Review: Fragments of Him (Xbox One)

There’s no real notion of how to handle death. Some people handle death through celebration of passed loved ones. Others tend to just phase it away like it never happened. For many others, search for a temporary fix is desperatly wanted in order to cope a permanent ending. In Sassybot Studio’s indie title Fragments of Him which released May 3rd for PC and June 7th for Xbox One, you learn to cope with death within three different character perspectives throughout the game. Having played emotionally charged games with heavy stories and grander messages throughout the entirety of their campaigns, Fragments of Him offers some originality.



If there’s one thing you’ll notice about Fragments of Him  it’s the graphics. Something instantly noticeable about the graphics of the game is that it isn’t the most beautiful or stimulating style of graphics. In fact, Fragments of Him goes for a particular minimalist style. Instead of giving the characters you play with some stand out visual development like most games this generation would, they purely focus on making the world and landscape around you beautiful. In a certain perspective it does in fact give the game a gorgeous look when looking at the stylized detailing.



The story of Fragments of Him is where the game truly tends to shine. You begin the game as the main character Will. You don’t know much about him straight out of the bat. You start by saying words of endearment to someone you love, closing the door to your apartment, and then heading to your car to start the adventure that Fragments of Him holds for you. Doing some introspective speaking upon a stop light, your suddenly rear ended by another car thus beginning the multiple character arcs that Fragments of Him takes you on. Learning not only about Will and his past, but also learning how Will’s decisions will be affecting other characters around him. It takes a page out of games like Life is Strange, Three/Fourths Home and other heavy narration based titles while still giving you its own identity. The only true downside about the actual story of Fragments of Him is how quickly this game can be beaten.



The gameplay of Fragments of Him is point and click based. Fragments of Him will have you play in a mixture of 2nd & 3rd person camera movements. You click around the room to have whichever character you play as interact with items that usually glow gold, green, or blue. It’s basically the standard gameplay of most point and click titles ala Sam & Max, Adventures of Monkey Island, and more just in a more broader perspective of what you can interact with. It’s pretty simple to play and nothing even remotely challenging happens throughout Fragments of Him gameplay wise.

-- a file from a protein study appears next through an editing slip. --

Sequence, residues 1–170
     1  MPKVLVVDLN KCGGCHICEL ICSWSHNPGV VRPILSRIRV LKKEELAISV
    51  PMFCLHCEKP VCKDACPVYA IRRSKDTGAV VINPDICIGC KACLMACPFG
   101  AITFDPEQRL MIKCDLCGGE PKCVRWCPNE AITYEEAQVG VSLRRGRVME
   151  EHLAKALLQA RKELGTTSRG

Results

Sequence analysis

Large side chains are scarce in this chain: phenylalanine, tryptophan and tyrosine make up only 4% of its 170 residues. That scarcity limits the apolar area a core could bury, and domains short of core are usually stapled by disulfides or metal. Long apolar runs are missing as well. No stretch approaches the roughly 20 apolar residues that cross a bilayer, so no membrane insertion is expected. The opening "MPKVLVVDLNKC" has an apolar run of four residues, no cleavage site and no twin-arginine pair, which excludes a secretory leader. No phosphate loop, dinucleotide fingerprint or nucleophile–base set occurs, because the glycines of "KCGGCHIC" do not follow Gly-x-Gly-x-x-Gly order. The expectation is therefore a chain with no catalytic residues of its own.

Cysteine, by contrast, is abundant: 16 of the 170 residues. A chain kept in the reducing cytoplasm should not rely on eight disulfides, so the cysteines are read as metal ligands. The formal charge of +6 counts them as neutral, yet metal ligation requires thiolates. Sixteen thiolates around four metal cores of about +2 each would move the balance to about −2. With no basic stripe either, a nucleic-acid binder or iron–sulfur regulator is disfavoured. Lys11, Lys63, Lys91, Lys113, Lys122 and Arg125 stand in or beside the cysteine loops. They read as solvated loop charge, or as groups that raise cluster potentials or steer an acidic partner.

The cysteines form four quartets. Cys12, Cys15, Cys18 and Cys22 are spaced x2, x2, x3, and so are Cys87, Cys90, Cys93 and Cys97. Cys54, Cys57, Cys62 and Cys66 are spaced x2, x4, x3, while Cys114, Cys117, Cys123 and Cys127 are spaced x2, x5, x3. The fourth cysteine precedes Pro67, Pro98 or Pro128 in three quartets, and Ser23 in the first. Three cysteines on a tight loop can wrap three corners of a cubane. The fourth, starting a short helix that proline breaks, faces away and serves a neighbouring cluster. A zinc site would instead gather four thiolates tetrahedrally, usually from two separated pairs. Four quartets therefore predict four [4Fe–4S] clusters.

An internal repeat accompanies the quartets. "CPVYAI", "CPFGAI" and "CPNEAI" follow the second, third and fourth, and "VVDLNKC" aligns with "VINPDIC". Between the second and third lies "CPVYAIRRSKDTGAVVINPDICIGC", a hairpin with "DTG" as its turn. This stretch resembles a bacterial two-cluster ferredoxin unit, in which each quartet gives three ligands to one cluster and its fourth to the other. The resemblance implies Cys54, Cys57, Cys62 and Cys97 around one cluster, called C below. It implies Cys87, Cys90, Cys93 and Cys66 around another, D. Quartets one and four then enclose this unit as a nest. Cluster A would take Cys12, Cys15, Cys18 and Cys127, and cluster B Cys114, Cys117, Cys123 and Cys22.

The audio in this game is pretty well done. From the car sounds, neighborhood noises you hear in the hallway of your apartment, and the club interactions on certain characters, it all invokes a well received auditory response. The one major key downside about the audio in Fragments of Him is that the voice acting on certain characters isn’t that good. Some characters sound so energetic when talking about Will and how he affected him in their past while others just sound their line from the script.



Fragments of Him has a great story behind it once you see how every character is affected in some way by Will. You grow with the characters in the game. You feel with these characters and you certainly begin to get empathetic with them as the story continuously progresses. It’s like a small indie film you watch. As you struggle for the first time to complete it, it finally clicks even though you’ve watched a good 30 minutes of it. I enjoyed this game for what it presented itself to be and wish that there could be more games like this in the current console generation.

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